(A) HEK293 cells transfected with plasmids encoding GMRα and βc in combination with Flag-SOCS-1, -2, -3 or an empty plasmid (mock) were lysed, immunoprecipitated (IP) using anti-GMRβc antibody, and immunoblotted with the indicated antibodies. (B) HEK293 cells transfected with plasmids encoding GMRα, βc and HA-ubiquitin (HA-Ub) in combination with Flag-SOCS-1, -3 or an empty plasmid (mock) were treated for 4 h with (+) MG132 or (−) DMSO then lysed, immunoprecipiated (IP) using anti-GMRβc antibody, and immunoblotted with the indicated antibodies. (C) HEK293 cells transfected with plasmids encoding GMRα and βc in combination with Flag-SOCS-1, -SOCS-1▵SOCS-Box mutant, or empty plasmid (mock) were treated for 4 h with (+) MG132 or (–) DMSO then lysed, immunoprecipiated (IP) using anti-GMRβc antibody, and immunoblotted with the indicated antibodies. WCE: whole cell extract.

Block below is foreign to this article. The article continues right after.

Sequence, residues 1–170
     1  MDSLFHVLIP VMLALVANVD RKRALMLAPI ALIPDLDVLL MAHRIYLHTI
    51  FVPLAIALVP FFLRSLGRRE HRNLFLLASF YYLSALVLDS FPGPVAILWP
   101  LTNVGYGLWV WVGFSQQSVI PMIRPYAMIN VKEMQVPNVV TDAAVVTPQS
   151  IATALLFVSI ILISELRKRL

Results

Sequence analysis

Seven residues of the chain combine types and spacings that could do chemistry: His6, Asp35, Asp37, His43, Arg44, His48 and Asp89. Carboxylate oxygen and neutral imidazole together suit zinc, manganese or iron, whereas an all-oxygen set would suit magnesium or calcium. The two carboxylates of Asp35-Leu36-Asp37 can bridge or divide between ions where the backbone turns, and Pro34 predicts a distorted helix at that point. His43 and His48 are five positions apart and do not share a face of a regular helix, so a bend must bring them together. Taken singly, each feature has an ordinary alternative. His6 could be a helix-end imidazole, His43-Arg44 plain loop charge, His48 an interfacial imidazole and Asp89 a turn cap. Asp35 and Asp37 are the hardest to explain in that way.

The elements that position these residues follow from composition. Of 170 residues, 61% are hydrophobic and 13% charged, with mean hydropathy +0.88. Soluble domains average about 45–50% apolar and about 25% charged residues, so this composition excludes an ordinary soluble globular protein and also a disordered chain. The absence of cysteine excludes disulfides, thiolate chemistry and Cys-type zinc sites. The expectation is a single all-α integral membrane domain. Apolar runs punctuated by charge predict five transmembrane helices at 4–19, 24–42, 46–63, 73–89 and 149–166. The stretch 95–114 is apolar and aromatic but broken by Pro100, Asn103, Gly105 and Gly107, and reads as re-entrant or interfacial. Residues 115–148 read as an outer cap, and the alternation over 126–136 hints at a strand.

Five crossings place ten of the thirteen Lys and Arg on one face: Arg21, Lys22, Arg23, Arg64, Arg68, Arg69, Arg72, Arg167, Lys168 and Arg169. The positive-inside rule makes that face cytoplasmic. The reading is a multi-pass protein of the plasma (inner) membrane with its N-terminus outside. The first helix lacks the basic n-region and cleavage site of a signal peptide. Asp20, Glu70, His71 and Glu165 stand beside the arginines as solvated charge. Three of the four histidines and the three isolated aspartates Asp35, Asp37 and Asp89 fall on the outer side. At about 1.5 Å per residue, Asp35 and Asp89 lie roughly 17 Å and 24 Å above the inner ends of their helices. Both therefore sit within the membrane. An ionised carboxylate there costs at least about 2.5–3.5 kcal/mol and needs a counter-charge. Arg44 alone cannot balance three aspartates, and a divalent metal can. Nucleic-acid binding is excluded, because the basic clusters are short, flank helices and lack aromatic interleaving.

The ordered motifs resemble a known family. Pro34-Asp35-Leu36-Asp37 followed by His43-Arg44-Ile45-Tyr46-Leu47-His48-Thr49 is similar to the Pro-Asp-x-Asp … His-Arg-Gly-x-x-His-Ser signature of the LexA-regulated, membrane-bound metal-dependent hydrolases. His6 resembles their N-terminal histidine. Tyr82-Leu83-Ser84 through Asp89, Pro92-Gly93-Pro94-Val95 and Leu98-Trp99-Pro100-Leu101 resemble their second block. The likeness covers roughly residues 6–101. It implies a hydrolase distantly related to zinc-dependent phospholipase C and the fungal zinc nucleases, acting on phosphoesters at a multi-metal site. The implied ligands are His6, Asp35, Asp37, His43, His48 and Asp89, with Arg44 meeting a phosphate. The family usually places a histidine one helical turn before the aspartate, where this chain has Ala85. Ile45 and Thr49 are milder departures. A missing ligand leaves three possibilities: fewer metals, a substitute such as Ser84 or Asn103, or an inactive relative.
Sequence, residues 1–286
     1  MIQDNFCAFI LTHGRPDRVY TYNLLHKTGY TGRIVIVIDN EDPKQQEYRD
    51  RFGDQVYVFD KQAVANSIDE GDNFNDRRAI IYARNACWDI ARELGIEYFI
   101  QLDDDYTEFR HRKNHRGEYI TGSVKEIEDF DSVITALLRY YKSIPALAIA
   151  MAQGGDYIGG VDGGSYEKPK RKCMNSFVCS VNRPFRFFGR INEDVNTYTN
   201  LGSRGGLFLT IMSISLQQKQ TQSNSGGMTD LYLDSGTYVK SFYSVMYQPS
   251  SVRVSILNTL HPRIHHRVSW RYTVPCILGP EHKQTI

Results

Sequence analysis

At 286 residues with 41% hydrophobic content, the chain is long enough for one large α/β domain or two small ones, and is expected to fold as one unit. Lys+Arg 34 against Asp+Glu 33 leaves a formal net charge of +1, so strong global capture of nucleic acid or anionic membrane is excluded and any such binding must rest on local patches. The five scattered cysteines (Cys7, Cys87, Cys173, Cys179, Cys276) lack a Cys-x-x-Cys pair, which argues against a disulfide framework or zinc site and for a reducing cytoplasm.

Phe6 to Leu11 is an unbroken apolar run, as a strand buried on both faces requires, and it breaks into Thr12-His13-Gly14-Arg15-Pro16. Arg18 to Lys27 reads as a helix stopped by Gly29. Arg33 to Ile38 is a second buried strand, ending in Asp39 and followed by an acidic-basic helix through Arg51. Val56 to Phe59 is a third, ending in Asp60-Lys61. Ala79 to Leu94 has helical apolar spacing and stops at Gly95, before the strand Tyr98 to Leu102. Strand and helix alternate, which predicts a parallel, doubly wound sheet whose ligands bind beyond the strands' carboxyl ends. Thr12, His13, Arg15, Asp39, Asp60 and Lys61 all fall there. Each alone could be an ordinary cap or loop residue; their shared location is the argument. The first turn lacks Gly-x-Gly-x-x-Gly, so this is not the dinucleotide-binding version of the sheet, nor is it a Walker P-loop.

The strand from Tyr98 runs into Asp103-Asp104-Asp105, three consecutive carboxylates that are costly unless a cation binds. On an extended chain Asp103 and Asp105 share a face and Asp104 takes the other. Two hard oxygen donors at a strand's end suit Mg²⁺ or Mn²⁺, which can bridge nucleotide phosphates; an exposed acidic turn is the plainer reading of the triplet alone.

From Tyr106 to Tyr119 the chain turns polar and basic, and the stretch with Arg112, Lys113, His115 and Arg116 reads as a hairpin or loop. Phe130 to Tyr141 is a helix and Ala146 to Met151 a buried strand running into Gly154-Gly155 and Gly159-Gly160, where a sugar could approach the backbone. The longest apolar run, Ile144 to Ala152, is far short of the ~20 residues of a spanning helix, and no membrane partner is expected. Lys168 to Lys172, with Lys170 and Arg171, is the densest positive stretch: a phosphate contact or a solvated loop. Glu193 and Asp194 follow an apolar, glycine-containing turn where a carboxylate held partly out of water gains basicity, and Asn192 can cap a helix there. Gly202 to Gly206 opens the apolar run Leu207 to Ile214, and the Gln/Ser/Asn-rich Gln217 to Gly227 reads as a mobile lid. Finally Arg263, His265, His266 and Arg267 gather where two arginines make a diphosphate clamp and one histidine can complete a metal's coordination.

Covalent modification of target proteins with ubiquitin occurs almost invariably on lysine residues. Previous studies have identified a cluster of three membrane-proximal GMRβc lysine residues (K457, K461 and K467) required for receptor-mediated ubiquitylation [10]. SOCS-1 mediated GMRβc ubiquitylation, which is stabilized and visualized in the presence of MG132, was markedly attenuated in GMRβc(3K>R) substitution mutant (Fig. 3). These results suggest that ectopic SOCS-1 promotes GMRβc ubiquitylation on one or more of these three lysine residues.

Figure 3. SOCS-1 ubiquitylates GMRβc on K457, K461 and/or K467.

HEK293 cells transfected with plasmids encoding GMRα, βc (WT or 3K>R mutant) and HA-ubiquitin (HA-Ub) or empty plasmid (mock) were treated with GM-CSF and MG132 then lysed, immunoprecipitated (IP) using anti-GMRβc antibody, and immunoblotted with the indicated antibodies. WCE: whole cell extract.